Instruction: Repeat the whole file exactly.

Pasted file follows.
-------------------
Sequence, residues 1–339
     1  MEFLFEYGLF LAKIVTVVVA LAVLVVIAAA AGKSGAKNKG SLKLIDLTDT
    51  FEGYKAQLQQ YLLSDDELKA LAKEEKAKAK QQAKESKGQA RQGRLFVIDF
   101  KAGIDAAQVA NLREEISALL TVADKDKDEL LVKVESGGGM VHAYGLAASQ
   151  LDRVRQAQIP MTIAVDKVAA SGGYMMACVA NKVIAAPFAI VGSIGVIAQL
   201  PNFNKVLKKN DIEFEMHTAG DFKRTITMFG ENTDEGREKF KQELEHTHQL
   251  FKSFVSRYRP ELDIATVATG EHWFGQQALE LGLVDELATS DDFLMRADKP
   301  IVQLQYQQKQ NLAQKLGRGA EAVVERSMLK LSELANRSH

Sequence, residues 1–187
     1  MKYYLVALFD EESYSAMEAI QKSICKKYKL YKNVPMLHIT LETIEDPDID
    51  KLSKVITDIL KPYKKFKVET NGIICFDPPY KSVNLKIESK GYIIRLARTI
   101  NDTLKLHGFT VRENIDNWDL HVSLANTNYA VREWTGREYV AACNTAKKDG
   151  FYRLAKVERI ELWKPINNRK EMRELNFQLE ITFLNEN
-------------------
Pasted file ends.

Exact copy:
Sequence, residues 1–339
     1  MEFLFEYGLF LAKIVTVVVA LAVLVVIAAA AGKSGAKNKG SLKLIDLTDT
    51  FEGYKAQLQQ YLLSDDELKA LAKEEKAKAK QQAKESKGQA RQGRLFVIDF
   101  KAGIDAAQVA NLREEISALL TVADKDKDEL LVKVESGGGM VHAYGLAASQ
   151  LDRVRQAQIP MTIAVDKVAA SGGYMMACVA NKVIAAPFAI VGSIGVIAQL
   201  PNFNKVLKKN DIEFEMHTAG DFKRTITMFG ENTDEGREKF KQELEHTHQL
   251  FKSFVSRYRP ELDIATVATG EHWFGQQALE LGLVDELATS DDFLMRADKP
   301  IVQLQYQQKQ NLAQKLGRGA EAVVERSMLK LSELANRSH

Sequence, residues 1–187
     1  MKYYLVALFD EESYSAMEAI QKSICKKYKL YKNVPMLHIT LETIEDPDID
    51  KLSKVITDIL KPYKKFKVET NGIICFDPPY KSVNLKIESK GYIIRLARTI
   101  NDTLKLHGFT VRENIDNWDL HVSLANTNYA VREWTGREYV AACNTAKKDG
   151  FYRLAKVERI ELWKPINNRK EMRELNFQLE ITFLNEN